She nodded. "There isn't much to tell, really. My husband is older than I am – 15 years – and, well, I have needs." I bit my tongue at that one – everyone has needs, but that doesn't mean that everyone makes a blithering idiot out of himself. "Robert isn't as ... virile ... as he might be, and I ... I took a lover."
"Have you had multiple affairs, or just one?" asked Cecelia.
"Is that relevant?"
Cecelia looked at me, and I nodded at her. She looked back at Carrie. "It might be, or it might not be. In this field of endeavor, any piece of information, no matter how apparently inconsequential, may prove to be the key to the matter in hand. It may prove that we never need to know the frequency with which you stray, but it may also prove to be a crucial point." Only I would have noticed Cecelia's slight hesitation as she talked around the bald word adultery – she loves big words and knows and uses them more than Bill Buckley ever dreamed of doing, but she also values calling things by their right names.
Carrie took a breath. "It was just the one time..."
"Please continue," said Cecelia.
"Well, my lover – call him Stephen – has now come to me with a polished attempt at blackmail. He hasn't been so crass as to demand money explicitly, but that's what he's doing nevertheless. The threat is, of course, that if I don't pay he'll tell my husband."
"Leave us not call him Stephen," I said, "unless that's his actual name. If we take the case, we'll need to know not only his right name, but his address and all sorts of other things about him."
"Well," I asked, "what was it you wanted us to do?"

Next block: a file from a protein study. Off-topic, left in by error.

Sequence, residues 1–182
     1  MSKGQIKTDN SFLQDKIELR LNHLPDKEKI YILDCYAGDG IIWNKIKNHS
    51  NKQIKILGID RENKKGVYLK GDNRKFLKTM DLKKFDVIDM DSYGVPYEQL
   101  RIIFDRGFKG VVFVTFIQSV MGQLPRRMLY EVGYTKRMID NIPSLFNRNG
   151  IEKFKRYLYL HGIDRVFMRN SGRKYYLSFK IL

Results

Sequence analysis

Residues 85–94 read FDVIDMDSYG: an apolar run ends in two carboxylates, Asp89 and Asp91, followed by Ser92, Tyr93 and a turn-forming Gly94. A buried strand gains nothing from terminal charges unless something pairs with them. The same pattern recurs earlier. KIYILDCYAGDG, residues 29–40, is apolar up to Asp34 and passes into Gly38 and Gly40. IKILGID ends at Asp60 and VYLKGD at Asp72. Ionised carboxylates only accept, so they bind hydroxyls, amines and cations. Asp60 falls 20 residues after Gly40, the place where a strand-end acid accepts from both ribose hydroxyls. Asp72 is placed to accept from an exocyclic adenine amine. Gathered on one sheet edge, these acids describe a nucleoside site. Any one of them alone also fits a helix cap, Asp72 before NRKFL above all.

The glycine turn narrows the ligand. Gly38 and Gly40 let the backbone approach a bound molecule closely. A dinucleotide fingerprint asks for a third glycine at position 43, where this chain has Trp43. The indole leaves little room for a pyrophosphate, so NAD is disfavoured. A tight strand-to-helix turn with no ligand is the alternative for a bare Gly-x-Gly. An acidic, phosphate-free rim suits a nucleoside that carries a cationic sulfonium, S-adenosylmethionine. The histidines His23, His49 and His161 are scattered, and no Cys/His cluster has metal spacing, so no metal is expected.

"Make him leave me alone?"
I extended my hand toward Cecelia, and she ran with it. "Ms. Sutherland, I desire you to explain precisely how we are to persuade him to omit his extortionary activities, if we do not even know his name."
Carrie looked blank. Cecelia's English can baffle an English professor, but here it was, I thought, just as much the fact that she hadn't thought it through, and was only now coming face to face with reality.
"It's just that simple," I said into the silence. "If we don't know this chump, we can't wave 'im off. If you want us to make him go away, we've got to know who we're supposed to make go away."
"But," said Cecelia into that little silence, "what you're asking us to do is outside our usual sphere. To dissuade a blackmailer, without at the same time revealing the secret he possesses, is possible only if one can apply to him a threat sufficient to overcome his greed for money. I can conceive of only one reliable tool to apply to such a person – physical harm. Either the threat of harm, or the actual infliction of harm, would cause a blackmailer to seek less afflictive pastures in which to graze; anything short of that, I conceive, would merely move him to 'publish and be damned.'"
I raised my eyebrows at that one – Cecelia was merely quoting the Duke of Wellington, but even in a quotation for her to use a cuss word was an extreme rarity. She sanitizes other people's words as much as I do. But I didn't worry about the swearing just now, but instead took a practical tack. "In fact, Ms. Sutherland," I said, "you could tell this character exactly that – to do his worst. You could tell him that you're not a-gonna pay him nan thing, and dare him to make good on his threat."